Psilotaceae is a family of fern-like plants (in order Psilotales) consisting of two genera, Psilotum and Tmesipteris. The two genera are very different and Tmesipteris has been proposed to belong in its own family, Tmesipteridaceae, but most classifications continue to treat it in Psilotaceae. The relationships of Psilotaceae have been unclear, in part because the plants lack roots or true leaves, but recent molecular systematic studies suggest a relationship to the fern family Ophioglossaceae.
The first genus, Psilotum, consists of small shrubby plants of the dry tropics commonly known as "Whisk ferns". The other genus, Tmesipteris, is an epiphyte found in Australia, New Zealand, and New Caledonia. There has long been controversy about the relationships of the Psilotaceae, with some claiming that they are ferns (Pteridophyta), and others maintaining that they are descendants of the first vascular plants (the Psilophyta of the Devonian period). Recent evidence from DNA demonstrates a much closer relationship to the ferns, and that they are closely related to the Ophioglossales, in particular.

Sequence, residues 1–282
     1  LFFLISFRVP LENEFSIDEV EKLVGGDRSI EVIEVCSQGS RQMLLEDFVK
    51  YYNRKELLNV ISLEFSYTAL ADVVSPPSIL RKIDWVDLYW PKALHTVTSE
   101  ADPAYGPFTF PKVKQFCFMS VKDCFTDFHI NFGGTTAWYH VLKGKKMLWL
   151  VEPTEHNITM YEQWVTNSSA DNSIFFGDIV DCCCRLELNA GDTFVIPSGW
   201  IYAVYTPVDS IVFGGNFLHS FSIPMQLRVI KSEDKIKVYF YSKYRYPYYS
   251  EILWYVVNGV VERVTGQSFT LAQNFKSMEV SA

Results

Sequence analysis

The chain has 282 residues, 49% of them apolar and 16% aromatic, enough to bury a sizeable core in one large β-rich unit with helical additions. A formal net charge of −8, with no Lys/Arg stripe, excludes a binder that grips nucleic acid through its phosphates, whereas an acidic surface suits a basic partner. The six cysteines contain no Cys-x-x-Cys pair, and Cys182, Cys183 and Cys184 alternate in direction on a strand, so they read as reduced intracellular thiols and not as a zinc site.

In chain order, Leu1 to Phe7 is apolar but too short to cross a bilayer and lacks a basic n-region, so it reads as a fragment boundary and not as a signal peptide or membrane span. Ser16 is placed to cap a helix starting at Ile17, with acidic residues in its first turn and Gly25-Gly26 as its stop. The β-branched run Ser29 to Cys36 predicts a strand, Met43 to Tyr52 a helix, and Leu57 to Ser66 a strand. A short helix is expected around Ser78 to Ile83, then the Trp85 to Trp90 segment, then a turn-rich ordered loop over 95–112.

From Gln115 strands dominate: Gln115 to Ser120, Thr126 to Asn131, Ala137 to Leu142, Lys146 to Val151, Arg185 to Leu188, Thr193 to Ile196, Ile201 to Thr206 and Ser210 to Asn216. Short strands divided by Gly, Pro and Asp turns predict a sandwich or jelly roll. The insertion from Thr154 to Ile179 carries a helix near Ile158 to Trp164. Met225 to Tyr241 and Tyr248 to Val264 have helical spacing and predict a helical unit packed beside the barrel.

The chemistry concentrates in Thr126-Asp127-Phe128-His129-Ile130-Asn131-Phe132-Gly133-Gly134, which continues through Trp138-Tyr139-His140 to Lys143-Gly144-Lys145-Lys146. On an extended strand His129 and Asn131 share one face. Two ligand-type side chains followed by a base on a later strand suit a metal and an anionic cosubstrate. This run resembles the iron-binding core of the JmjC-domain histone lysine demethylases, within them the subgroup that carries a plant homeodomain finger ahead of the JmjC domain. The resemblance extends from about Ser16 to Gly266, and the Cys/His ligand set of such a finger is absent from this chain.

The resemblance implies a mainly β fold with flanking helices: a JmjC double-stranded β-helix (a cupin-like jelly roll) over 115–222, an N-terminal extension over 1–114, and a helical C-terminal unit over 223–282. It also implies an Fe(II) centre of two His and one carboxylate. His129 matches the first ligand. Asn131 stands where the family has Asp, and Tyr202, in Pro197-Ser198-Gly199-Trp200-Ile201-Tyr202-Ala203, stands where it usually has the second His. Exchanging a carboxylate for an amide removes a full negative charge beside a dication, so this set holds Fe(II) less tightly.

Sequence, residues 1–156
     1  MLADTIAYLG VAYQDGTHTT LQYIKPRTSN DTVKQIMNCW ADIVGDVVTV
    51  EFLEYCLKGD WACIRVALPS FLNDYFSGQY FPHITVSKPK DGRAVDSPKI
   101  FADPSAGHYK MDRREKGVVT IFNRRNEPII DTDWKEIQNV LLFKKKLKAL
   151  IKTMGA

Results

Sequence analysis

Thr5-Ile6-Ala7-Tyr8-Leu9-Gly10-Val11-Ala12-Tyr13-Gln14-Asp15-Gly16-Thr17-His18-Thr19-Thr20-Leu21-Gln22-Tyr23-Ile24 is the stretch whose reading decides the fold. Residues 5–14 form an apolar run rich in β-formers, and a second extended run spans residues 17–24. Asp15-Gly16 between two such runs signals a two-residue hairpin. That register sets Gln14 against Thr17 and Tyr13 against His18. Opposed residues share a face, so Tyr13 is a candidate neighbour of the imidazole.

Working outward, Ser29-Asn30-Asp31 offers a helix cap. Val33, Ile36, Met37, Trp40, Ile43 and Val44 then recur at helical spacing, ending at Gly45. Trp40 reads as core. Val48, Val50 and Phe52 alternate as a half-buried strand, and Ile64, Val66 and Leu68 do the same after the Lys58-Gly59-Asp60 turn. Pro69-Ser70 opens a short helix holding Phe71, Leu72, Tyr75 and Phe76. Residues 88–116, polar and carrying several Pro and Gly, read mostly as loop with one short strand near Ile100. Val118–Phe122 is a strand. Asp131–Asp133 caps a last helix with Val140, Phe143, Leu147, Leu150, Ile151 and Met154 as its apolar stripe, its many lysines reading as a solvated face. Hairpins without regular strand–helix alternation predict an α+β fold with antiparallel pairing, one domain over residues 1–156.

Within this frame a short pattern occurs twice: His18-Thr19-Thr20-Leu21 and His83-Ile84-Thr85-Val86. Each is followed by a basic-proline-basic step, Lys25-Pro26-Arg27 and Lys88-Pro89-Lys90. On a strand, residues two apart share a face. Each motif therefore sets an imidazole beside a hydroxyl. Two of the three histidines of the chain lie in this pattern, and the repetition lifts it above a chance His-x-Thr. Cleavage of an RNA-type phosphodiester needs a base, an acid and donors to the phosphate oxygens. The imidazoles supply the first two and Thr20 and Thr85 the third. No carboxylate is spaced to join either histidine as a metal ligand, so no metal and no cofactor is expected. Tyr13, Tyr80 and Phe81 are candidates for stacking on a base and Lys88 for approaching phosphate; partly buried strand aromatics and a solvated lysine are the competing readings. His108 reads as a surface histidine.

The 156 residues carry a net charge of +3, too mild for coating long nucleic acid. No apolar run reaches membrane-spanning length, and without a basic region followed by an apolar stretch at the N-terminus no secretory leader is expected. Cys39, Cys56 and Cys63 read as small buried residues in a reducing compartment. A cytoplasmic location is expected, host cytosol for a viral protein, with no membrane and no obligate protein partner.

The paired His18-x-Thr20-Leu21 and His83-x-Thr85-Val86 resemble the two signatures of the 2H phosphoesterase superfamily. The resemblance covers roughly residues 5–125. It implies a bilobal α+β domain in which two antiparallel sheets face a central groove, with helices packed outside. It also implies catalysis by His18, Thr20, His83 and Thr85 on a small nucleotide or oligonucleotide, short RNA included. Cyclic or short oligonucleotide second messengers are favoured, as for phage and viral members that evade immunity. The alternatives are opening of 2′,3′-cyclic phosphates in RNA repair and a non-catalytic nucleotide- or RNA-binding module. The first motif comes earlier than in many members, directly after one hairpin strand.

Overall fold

All Psilotaceae share a few characteristics. They are vascular plants and they lack leaves, having instead small outgrowths called enations. The enations are not considered true leaves because there is only a vascular bundle just underneath them, but not inside, as in leaves. Psilotales also do not have true roots. They are anchored by rhizoids. Absorption is aided by symbiotic fungi called mycorrhizae.
Three sporangia are united into a synangium, which is considered to be a very reduced series of branches. There is a thick tapetum to nourish the developing spores, as is typical of eusporangiate plants. The gametophyte looks like a small piece of subterranean stem, but produces antheridia and archegonia.